Two brand new jigsaw puzzles are now available from the Gerry Anderson Store! These 1000-piece Thunderbirds and Space:1999 designs are the work of artist Lee Sullivan, and we caught up with him to learn more about how the specially commissioned artwork was devised.
When the idea came up to produce an illustration for a jigsaw puzzle I was surprisingly thrilled. It’s not a reaction I would have expected – after all, who wants to see their artwork cut up into little pieces? Well, as it turns out, I do!
One of the earliest pieces of Anderson-related merchandise I had was a 140-piece jigsaw of Supercar, depicting a ‘deep sea adventure’. I really loved the image on this, its vibrant colours, octopus and shark and the really nice painting of Supercar made a deep impression on me, being around three or four at the time. So having the opportunity to make an artwork that would be turned into a jigsaw puzzle was an unexpected one to be relished.
What to illustrate? The popularity of Thunderbirds made it an obvious first choice, so I set about thinking of a scene that might work. There have been hundreds of great images produced by artists over the years, so it had to be striking and a little different. Jamie’s original thought was that it should be a single, very busy scene of an International Recue danger zone, featuring all of the Thunderbird craft and characters. I wracked my brains trying to work out how to produce this, but whilst a sort of ‘Where’s Wally’ image might have been fun, the problem of getting not only TB4 in an underwater situation but also TB3 and TB5 in space environments became too tricky. I also wanted the whole piece to be a striking design, and reminiscent of the marvellous Ron Embleton Captain Scarlet 1960s poster that I had recently remastered for Anderson Entertainment.
So I looked towards my background in comic art, and started to think in terms of individual scenes in separate panels. This was a much simpler solution, and it opened up the possibility of including Tracy Island too. I placed that in a central circular panel with jagged white panel borders which echo the videophone graphics from the series. The logo fitted nicely, and the idea came to me to have the faces of most of the main characters located around the circle in the style of a clock-face.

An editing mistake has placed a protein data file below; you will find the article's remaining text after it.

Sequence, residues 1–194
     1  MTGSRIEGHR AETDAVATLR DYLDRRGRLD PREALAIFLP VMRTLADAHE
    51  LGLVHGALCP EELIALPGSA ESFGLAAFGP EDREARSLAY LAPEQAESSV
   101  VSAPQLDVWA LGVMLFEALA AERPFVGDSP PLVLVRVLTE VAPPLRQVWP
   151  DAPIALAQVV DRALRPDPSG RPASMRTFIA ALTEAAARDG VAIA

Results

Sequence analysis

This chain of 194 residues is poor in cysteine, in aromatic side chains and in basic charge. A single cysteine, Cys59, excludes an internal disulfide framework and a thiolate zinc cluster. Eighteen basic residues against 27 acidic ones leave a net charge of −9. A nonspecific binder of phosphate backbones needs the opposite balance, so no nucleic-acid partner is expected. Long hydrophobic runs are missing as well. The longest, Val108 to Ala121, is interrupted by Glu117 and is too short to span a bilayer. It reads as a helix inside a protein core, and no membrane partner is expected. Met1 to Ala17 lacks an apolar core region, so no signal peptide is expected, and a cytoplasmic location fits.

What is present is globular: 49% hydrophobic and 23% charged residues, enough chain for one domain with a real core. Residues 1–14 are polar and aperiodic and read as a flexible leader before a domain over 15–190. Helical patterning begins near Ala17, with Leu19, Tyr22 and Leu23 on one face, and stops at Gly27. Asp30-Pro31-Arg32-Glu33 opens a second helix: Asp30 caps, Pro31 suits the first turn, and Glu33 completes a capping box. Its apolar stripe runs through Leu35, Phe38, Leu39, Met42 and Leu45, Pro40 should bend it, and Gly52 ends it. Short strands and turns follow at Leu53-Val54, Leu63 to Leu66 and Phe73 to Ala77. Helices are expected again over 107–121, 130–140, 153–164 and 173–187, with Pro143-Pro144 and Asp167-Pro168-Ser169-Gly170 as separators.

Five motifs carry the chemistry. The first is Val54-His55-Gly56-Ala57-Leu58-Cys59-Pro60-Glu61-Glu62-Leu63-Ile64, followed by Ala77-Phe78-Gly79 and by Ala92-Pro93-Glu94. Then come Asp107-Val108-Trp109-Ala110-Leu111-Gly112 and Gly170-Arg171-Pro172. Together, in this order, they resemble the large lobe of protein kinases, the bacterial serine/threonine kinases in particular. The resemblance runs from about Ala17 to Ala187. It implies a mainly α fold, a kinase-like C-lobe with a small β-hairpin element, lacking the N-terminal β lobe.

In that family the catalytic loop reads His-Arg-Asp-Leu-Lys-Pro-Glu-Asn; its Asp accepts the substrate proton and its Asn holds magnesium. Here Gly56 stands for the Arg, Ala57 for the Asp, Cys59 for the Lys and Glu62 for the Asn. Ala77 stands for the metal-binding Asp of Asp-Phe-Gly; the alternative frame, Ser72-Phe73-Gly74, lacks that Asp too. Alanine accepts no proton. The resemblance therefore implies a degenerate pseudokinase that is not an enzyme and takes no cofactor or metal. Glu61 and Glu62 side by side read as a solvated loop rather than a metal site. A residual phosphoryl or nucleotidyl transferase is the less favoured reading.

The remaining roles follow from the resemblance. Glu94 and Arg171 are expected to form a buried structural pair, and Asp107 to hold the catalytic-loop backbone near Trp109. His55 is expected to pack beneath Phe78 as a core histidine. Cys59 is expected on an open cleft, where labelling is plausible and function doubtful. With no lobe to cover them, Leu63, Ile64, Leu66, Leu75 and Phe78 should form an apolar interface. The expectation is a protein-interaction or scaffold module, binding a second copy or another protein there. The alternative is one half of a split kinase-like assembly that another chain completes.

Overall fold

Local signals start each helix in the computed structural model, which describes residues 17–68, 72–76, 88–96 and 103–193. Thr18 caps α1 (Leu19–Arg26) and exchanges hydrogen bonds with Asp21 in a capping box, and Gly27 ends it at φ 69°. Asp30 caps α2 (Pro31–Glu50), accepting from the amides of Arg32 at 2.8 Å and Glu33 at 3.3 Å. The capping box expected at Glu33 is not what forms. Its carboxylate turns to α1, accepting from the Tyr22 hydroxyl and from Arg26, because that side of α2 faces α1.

Then I played around with images of the craft to fit within the panels, and scenes started to suggest themselves. I wanted to show Firefly, the Mole, Fireflash, FAB 1 and Zero-X too. The latter was a reworking of some of friend and legendary comic artist Mike Noble’s pictures from TV21, and also of the print of the craft that he and I had produced a few years before his death in 2018. I also sneaked in a craft from another Anderson series for the fun of it.
The finished Thunderbirds piece was then followed by a series one Space:1999 image of the same general layout. This time I had the actors’ faces looking outwards towards the edges of the puzzle, to emphasise the questing nature of the series. Naturally there was a whole lot of space – of the final frontier kind (ouch) – to fill, which I did with several Eagles and many of the more memorable ‘guest’ craft. The Moon made a nice image for the centrepiece and the explosion had to feature too, as well as Moonbase Alpha. I wanted to feature the iconic spacesuits too, and the fight scene from episode one was an ideal way to do that. The various colours applied to the space backgrounds make for a vibrant image but in part were a response to a suggestion by the manufacturers that it would be less stressful for people trying to complete the puzzle than if there were only interminable white stars against a black backdrop.
I hope those of you who purchase the puzzles have as much fun with them as I did with the Supercar version from sixty years ago!